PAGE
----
I've said for as long as I can recall that rules are around for one reason: To dare you to break them. However, after shooting, editing and publishing videos to the internet for nearly fifteen years, these are the ones that I always come back to when deciding if a piece of content is good enough to hold its own out in the wild, and I've never, ever found a way around any of them. So here they are: The Three Cardinal Rules of Internet Video Production.
Don't Waste Anyone's Time
It's a cliche that time is precious, but it's the most important currency on the web. Respect the time that people spend with your content, and understand that your patience is going to be longer for something you made than anyone else will. If a part lags, cut it. Allow moments for thoughts to develop and sink in, but don't overdo it. If you've shown something, you might not need to say it. Don't repeat yourself. Stay on topic, script, rehearse and revise. This doesn't mean that the internet is no place for long form content - I've made my share, and I'm very proud of it. But make the time people spend with your content worthwhile. They'll thank you for it.
Audio Fidelity is More Important than Visual Quality
This is the one I see overlooked the most. With the ubiquitous nature of cellphone videos capturing everything from citizen reporting to cat videos, or expectation of visual fidelity has dropped quite low - and, the quality of accessible video recorders has risen quite a lot in the past few years. Quality audio recording unfortunately hasn't grown along the same curve, and is one of the first indicators of an amateurish production. Spend time and money on microphones appropriate to your production. Think about how audio sounds in your recording room - hang blankets to soften echoes. And be aware of what's happening in the background. Audiences will stick around through rough footage fi the audio is clear. But if you're shooting on a RED camera and recording audio on a GoPro, people will bail.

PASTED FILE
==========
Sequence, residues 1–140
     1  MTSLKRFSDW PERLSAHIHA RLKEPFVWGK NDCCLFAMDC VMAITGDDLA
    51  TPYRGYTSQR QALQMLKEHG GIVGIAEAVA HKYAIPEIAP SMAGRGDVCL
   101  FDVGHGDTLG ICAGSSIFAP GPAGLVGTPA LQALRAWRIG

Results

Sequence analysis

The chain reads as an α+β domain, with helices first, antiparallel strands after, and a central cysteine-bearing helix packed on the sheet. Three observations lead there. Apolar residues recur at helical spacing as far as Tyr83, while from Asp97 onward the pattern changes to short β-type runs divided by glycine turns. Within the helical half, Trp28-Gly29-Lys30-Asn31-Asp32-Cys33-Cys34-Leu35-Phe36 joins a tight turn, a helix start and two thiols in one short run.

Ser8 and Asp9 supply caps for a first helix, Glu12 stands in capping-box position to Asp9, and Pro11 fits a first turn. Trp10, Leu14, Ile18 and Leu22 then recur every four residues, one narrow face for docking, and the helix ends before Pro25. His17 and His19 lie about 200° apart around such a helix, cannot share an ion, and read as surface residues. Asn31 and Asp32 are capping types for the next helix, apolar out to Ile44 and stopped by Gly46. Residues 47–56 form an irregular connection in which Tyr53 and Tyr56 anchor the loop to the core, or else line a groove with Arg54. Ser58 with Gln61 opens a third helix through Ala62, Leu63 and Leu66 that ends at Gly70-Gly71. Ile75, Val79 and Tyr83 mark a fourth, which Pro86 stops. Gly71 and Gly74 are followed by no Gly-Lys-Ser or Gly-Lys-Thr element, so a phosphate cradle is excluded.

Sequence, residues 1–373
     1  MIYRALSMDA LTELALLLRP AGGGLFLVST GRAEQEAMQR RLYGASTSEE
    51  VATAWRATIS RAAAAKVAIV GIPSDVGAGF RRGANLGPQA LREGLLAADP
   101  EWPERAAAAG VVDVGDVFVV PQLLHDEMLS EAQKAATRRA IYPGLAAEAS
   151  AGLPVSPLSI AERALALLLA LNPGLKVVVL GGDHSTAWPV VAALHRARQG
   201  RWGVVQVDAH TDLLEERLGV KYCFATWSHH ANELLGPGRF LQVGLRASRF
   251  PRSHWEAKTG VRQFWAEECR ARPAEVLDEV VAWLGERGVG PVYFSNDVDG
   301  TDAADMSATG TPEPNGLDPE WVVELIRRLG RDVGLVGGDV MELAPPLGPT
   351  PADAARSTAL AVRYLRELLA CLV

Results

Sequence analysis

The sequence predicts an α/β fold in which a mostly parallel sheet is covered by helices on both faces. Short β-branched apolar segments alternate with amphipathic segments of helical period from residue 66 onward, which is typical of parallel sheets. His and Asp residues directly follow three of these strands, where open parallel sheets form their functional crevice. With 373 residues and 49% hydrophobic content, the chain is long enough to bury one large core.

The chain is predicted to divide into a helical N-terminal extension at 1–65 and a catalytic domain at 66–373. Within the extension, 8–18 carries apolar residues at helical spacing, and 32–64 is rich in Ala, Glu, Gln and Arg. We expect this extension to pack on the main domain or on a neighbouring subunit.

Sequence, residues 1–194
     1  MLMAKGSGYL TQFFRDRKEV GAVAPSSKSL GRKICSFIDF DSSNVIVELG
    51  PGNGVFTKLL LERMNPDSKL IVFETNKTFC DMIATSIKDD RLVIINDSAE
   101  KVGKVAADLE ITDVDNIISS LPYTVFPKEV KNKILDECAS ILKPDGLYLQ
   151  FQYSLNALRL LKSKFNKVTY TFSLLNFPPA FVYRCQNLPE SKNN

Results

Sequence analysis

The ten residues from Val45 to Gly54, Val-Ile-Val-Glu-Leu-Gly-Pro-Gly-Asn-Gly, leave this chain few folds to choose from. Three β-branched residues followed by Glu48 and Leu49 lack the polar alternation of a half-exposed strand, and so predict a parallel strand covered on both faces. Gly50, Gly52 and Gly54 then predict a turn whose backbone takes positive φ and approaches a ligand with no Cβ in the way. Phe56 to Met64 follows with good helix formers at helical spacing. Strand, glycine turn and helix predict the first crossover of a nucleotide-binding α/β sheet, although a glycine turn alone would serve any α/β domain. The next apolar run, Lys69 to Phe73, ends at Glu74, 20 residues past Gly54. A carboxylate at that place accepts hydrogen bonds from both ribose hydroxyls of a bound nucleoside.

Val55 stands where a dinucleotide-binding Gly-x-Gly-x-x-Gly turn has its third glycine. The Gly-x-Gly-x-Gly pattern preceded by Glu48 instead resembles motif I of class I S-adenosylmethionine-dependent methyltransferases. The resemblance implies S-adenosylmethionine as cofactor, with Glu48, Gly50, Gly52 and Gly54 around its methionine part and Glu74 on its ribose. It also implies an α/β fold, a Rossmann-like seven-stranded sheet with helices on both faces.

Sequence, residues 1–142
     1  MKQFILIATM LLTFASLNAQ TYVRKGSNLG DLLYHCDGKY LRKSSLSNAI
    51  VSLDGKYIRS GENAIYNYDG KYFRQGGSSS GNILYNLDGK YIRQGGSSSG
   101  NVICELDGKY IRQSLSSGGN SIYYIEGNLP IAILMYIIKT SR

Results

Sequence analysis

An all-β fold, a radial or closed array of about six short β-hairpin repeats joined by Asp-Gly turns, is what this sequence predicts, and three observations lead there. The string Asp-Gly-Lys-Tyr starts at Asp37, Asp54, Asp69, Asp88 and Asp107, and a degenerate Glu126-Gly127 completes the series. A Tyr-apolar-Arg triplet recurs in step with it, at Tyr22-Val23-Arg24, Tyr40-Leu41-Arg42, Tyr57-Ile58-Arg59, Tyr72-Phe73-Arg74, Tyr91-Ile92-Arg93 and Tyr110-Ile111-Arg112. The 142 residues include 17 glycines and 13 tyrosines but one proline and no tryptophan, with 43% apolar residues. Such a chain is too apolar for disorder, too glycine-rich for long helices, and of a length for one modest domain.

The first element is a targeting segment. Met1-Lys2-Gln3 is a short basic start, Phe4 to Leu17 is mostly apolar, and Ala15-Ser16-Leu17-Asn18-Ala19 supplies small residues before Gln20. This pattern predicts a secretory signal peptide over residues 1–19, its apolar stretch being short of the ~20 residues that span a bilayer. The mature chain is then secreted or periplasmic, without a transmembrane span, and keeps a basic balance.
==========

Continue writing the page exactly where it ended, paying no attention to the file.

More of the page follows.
You Can't Bullshit the Internet
This is the big one - and it's derived from a quote from Gabe Newell, president of Valve, who understands a little bit about how the internet works. The internet is an amazing collection of intelligent, impatient people who love to call out mistakes, misinformation, and bad advice. As a collective, they are smarter than you. This doesn't the information you have to share isn't valuable - to some, it may well be vital. Do your research, take the time to get it right. If you don't know something, just say it, but don't make a false claim. If you think a joke is tired, then it is. It's okay to be wrong, but never lie. Once you poison your own credibility, you'll never claw it back.